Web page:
Mixsonian

The Old Times
By Rosalie Anderson Mixson



OUR MARRIAGE

In 1919 Mr. Mixson gave a dinner for Wilbur and Charley White, a man that was a friend of Wilbur’s in the army. Mr. Mixson had twelve children: Job, Gilbert, Lula, Vilola and Estelle were by his first wife. She was Lois Smith. She died when one of them was a baby. Then he married Mary Reeves. She was the mother of seven children. Alice, Henry, Wilbur, Bessie, Lois, Charley, and Maxie. I went to the dinner with Ella Mixson and her family. While the cousins were in the parlor kissing Wilbur, (I almost ran across the room and kissed him too) but we just looked at each other and I turned and went out of the room. He soon followed me out on the porch and asked me to eat dinner with him. I said yes, and from then on he called me his “sweetheart” and came over to see me once a week. He rode his horse named “Dink”. In December, 23rd day, 1920 we were married.

James D Mixson and Model T FordJames D Mixson and Model T Ford

Papa was making cane sirup and didn’t go with us to get married. Mr. Mixson had a new model T Ford and
Wilbur got Maxie, his brother, to take us to Ocala. I was just 19 and they thought Mama was all that had to sign for me. For my wedding mama made me a blue serge two piece dress. She bought me a long winter coat, a new pair of shoes and a hat. Everyone said I looked good. Mama and I had spent all our spare time sewing for me: two pair of pillow cases, two sheets, two quilts, and new underwear. She gave me an iron fry pan and an iron pot. Also she painted Grandmas old trunk for my things.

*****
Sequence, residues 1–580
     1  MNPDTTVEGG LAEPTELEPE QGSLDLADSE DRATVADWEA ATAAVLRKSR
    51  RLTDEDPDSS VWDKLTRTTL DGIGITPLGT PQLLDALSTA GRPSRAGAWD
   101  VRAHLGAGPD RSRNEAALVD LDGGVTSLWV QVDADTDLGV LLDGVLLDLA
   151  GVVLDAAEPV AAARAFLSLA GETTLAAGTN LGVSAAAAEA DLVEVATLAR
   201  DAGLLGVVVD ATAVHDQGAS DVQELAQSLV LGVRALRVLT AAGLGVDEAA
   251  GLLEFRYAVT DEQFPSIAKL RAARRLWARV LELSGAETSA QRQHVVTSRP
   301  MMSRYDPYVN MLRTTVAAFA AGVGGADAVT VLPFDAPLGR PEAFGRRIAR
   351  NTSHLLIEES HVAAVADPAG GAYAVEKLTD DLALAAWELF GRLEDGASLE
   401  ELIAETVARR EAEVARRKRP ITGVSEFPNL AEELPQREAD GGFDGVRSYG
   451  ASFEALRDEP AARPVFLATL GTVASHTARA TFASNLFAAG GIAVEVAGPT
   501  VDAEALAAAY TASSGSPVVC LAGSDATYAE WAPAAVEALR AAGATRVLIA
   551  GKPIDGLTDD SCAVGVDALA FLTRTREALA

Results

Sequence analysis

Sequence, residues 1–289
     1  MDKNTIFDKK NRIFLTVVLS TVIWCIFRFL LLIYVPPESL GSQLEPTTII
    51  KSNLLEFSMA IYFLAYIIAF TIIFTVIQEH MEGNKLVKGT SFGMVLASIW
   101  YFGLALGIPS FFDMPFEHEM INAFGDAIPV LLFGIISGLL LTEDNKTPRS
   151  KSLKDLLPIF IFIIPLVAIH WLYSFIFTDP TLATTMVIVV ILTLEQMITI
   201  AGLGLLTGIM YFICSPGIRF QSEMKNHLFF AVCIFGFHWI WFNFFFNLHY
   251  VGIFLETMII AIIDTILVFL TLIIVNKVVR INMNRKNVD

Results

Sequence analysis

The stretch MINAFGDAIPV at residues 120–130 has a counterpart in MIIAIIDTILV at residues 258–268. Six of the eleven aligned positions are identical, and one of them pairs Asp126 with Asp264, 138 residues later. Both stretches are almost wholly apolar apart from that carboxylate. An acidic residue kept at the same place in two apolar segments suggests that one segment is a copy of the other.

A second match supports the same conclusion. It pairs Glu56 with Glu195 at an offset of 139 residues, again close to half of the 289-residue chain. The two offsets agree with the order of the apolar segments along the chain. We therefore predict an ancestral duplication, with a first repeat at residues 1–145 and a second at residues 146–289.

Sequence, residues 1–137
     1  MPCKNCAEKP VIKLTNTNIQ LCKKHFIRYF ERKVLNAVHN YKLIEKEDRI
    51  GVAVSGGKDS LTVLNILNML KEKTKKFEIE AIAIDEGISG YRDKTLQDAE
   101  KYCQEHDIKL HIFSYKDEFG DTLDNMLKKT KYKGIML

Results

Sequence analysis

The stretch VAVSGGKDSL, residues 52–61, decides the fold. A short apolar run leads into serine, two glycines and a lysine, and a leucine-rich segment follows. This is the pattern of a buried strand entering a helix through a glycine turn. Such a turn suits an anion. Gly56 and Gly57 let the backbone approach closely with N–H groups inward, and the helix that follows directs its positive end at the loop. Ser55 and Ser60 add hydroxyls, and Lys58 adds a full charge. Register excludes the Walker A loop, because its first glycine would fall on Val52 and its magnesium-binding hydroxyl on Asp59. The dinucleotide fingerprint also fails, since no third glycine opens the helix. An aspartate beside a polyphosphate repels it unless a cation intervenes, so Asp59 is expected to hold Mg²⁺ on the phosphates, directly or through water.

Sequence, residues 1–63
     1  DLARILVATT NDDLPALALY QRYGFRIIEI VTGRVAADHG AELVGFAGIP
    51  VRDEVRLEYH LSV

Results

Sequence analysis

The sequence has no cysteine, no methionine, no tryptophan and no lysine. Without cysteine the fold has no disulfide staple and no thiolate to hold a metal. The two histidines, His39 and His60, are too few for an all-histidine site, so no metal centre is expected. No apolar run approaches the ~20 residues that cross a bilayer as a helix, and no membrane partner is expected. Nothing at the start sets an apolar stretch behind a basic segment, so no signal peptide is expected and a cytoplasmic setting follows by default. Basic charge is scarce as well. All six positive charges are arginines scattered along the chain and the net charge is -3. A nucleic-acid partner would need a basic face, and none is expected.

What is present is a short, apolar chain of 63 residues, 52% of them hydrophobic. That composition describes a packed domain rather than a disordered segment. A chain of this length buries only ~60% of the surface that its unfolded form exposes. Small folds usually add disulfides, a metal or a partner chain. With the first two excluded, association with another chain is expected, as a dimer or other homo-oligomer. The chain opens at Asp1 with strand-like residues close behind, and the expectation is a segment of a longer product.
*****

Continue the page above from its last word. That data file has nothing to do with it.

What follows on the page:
When we got to the judge in the courthouse, he said both parents had to sign. So Maxie said he’d go back for Papa, so they all signed except Papa. Mama said she would go back with Maxie because she knew Papa would be tired and probably cross, but after he had changed into clean clothes and rode back in the new Ford car he was in a good mood, and he said he really enjoyed the ride because it was probably the first one he ever took in a car. 

We went to live at Mr. Mixson’s--the girls, Alice, Bessie and Lois all treated me just fine and always we loved each other. I could hardly cook, but I soon learned from them. Mr. Mixson butchered hogs the next week after Christmas.

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